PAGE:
Monday 29 January 2018


PRESIDENT Emmerson Mnangagwa  returns home today after a successful trip during which he held fruitful high-level meetings with renowned businesspeople, directors of multilateral institutions and political leaders in Switzerland and Ethiopia.

The President first attended the 48th edition of the World Economic Forum from January 23 to 26, marking his first trip out of Africa and capped the round trip with a stopover in Addis Ababa, Ethiopia for the 30th African Union Summit.

President Mnangagwa used the opportunity of the AU Summit to apprise leaders of the continental body of the political developments back home that saw him ascend to power through a peaceful transition in November last year.

While in Switzerland, the President held fruitful discussions with Swiss leader Allain Berset and made a plea for European countries to consider investments in various sectors mainly manufacturing and agriculture value chains.

President Mnangagwa also held successful high level meetings with global businessmen including the United Kingdom-based Swiss billionaire, Urs Shwazernbach.
Shwazernbach is estimated to be worth about $2 billion.

Another major highlight of his engagements in Switzerland was the endorsement his Government received from the European continental body.

European Union commissioner for international co-operation and development Neven Mimica, after meeting President Mnangagwa, said the EU supports ongoing reforms and efforts.
“A new era is opening up (in Zimbabwe) and the EU will support ongoing reforms and efforts.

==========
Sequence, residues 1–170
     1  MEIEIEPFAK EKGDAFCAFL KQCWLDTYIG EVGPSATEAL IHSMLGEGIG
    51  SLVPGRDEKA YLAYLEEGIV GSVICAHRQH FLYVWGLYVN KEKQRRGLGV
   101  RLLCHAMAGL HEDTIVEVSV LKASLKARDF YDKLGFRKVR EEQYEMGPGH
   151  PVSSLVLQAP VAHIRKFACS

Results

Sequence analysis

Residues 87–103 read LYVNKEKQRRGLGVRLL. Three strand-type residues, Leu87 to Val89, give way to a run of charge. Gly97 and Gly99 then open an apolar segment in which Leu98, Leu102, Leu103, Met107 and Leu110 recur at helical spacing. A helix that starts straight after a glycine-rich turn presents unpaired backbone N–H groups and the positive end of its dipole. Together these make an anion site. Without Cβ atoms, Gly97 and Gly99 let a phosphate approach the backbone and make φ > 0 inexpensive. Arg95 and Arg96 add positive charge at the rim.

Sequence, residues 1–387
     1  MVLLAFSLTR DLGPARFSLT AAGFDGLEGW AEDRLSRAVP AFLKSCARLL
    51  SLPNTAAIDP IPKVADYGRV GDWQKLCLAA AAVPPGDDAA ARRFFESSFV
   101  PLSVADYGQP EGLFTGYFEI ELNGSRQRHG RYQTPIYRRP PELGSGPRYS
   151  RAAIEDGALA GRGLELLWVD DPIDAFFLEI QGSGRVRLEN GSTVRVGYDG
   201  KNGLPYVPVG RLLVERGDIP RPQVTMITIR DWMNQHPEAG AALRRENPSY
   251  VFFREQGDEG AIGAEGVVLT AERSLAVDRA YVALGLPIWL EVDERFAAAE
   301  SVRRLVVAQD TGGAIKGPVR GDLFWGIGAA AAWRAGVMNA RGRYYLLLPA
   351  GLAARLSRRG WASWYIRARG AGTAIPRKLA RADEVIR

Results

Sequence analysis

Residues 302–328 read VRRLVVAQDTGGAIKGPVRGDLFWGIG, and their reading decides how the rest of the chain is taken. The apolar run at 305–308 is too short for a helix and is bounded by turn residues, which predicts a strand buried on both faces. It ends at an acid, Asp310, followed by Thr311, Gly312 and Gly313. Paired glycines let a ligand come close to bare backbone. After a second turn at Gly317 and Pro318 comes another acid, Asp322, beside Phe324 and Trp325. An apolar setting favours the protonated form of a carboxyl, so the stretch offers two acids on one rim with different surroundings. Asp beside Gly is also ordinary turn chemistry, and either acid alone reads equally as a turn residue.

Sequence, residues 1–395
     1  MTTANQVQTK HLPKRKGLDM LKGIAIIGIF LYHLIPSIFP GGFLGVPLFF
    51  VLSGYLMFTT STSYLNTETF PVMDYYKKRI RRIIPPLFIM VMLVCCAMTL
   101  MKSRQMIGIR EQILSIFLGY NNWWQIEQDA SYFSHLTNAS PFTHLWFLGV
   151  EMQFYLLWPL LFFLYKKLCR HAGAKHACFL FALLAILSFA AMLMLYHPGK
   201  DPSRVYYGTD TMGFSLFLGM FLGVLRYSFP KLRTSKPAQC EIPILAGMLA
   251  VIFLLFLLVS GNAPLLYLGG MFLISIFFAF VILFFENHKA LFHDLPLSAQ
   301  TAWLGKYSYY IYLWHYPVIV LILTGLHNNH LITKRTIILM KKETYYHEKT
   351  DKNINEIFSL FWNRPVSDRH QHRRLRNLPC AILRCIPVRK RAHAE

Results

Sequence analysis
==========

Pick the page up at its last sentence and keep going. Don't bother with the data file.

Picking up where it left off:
“We look forward to visiting the country in April,” said Mimica.

In all instances that the President briefed businesspeople, investors and political leaders about Zimbabwe, he emphasised Zimbabwe’s commitment to reintegrate into the global community after years of isolation; reform its policies to attract foreign investment and grow the economy.

In Addis Ababa, President Mnangagwa told fellow African leaders of his gratitude over their support on the political transition that took place last year and assured them of his commitment to cooperate with all nations.

President Mnangagwa is among a new crop of African leaders who recently became Heads of State and Government in their respective countries, including Liberia’s President George Weah and Angola’s Joao Lourenco.

The AU summit saw Rwanda President Paul Kagame, taking over as AU chairman from Guinea’s President Alpha Conde.

President Kagame’s first speech as AU chairperson highlighted the urgency of changing from old ways of running the continent, noting that time was running out for nations to save themselves from deprivation.

“Africa’s defining challenge is to create a pathway to prosperity for our people, especially young people. Elsewhere this has been achieved through industrialisation. But the growth trajectory that transformed Asia is no longer a viable option for Africa. We waited too long to act,” he said.

Among the options to avoid deprivation he cited creation of a single continental market, infrastructure integration and adoption of technology within economies.

“Technology has evolved so rapidly in recent years that Africa’s window to follow that strategy is narrowing much more rapidly than previously understood.

“We are running out of time but we must act now to save Africa from permanent deprivation,” the Rwanda President said.

President Kagame also commended the steps and progress made by the AU to integrate the continent and break long existing barriers such as the Single African Air Transport Market to be launched by AU soon.

He called for speedy adoption of the Continental Free Trade Area, which is likely to be ready in the course of the year and adoption of self-financing measures to break away from the age old narrative that Africa was a burden to global economies. Herald


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